The overarching goal of the team-based project is to use the excellent core recovery at El Kef to investigate a number of key aspects of the Cretaceous-Tertiary mass extinction:
1. Can killing mechanisms for the different groups of plankton be identified in the immediate extinction aftermath?
2. Were there any survivors that have not been recognized previously and what is the phylogeny of the earliest Danian plankton?
3. What is the record of biota at the very base of the food chain that do not fossilize but produce diagnostic biomarkers?
4. What factors are responsible for the survivorship of benthic foraminifera on the shelf?
5. What strategies adapted planktonic species for survivorship?
6. What was the environmental aftermath of the mass extinction and how did it impact plankton recovery?
7. How long does it take recovery to occur and what are the key factors that modulate the recovery?
8. How does the shelf recovery differ from the deep ocean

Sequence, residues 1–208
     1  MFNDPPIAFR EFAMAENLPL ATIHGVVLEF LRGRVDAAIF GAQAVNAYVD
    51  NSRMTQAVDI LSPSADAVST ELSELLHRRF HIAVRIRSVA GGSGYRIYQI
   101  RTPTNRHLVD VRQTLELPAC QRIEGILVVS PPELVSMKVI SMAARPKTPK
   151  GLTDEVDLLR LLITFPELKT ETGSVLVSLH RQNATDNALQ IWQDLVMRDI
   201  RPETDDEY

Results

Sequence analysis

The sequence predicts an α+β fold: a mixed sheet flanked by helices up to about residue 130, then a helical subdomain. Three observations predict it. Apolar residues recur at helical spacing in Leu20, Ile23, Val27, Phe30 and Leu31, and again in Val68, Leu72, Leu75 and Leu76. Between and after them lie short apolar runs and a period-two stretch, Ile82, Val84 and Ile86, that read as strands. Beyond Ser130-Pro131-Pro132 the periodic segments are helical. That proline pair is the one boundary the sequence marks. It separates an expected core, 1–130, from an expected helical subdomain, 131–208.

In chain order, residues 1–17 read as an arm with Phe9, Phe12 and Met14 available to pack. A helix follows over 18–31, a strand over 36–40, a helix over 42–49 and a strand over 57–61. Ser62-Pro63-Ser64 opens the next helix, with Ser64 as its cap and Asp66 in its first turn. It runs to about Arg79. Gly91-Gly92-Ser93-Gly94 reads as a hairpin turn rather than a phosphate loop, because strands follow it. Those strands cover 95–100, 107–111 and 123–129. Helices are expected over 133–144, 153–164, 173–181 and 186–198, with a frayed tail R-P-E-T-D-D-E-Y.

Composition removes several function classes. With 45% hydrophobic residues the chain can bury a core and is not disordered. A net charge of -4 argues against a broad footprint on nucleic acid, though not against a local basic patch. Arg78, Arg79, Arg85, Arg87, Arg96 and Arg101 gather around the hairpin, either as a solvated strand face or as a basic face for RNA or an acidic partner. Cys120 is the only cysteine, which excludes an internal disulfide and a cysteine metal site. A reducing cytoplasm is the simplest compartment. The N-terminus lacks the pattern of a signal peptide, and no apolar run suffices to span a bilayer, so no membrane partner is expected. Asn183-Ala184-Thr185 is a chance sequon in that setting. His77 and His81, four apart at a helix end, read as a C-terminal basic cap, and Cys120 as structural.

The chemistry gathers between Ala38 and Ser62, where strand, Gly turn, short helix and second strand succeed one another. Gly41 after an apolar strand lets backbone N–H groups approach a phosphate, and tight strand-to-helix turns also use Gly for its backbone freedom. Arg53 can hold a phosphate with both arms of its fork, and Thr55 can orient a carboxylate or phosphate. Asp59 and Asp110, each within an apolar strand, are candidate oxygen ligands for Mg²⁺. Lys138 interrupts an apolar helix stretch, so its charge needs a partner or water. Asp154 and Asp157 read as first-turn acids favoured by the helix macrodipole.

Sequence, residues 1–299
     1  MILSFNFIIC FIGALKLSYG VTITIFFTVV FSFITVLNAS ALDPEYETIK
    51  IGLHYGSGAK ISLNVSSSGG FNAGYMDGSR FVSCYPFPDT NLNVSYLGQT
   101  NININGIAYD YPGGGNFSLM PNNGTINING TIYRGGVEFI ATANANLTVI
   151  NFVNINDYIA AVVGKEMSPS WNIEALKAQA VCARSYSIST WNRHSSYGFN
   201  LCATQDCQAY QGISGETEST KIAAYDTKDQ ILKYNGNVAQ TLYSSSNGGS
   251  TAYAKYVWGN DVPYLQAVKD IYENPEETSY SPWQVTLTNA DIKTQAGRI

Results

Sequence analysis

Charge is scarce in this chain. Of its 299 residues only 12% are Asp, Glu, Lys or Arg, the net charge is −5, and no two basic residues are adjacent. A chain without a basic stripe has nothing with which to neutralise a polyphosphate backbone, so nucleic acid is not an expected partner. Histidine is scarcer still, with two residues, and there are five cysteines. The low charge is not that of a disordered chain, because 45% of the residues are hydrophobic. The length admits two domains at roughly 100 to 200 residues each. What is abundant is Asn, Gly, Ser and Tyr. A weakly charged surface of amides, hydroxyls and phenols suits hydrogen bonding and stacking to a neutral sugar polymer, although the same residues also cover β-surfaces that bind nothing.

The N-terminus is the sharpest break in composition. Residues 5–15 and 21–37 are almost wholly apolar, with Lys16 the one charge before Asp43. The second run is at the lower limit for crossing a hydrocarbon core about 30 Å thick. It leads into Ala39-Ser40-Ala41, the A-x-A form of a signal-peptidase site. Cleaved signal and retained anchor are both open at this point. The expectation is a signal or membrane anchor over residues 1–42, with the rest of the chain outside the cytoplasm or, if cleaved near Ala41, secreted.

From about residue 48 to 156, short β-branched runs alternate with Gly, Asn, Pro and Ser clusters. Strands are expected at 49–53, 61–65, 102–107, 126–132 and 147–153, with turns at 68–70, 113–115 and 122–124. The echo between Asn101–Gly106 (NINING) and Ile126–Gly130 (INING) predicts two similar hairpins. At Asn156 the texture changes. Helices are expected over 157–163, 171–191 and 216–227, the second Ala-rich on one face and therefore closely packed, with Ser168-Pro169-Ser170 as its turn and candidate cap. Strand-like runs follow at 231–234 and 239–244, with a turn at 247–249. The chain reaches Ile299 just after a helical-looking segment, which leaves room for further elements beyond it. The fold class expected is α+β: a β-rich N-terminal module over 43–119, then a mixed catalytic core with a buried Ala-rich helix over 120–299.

To answer these questions, the group of investigators is working biotas and proxies from identical sample sets. We will combine studies of calcareous nannoplankton, dinoflagellates, planktonic and benthic foraminifera as well as organic biomarkers with proxies, including oxygen and carbon isotopes, boron and lithium isotopes, and trace elements including molybdenum, cadmium and zinc. We are also measuring organic carbon and sediment grain size.
Age control will be provided by microfossil biostratigraphy. Finally, we are using XRF scanning to attempt to extract orbital time control from the cores.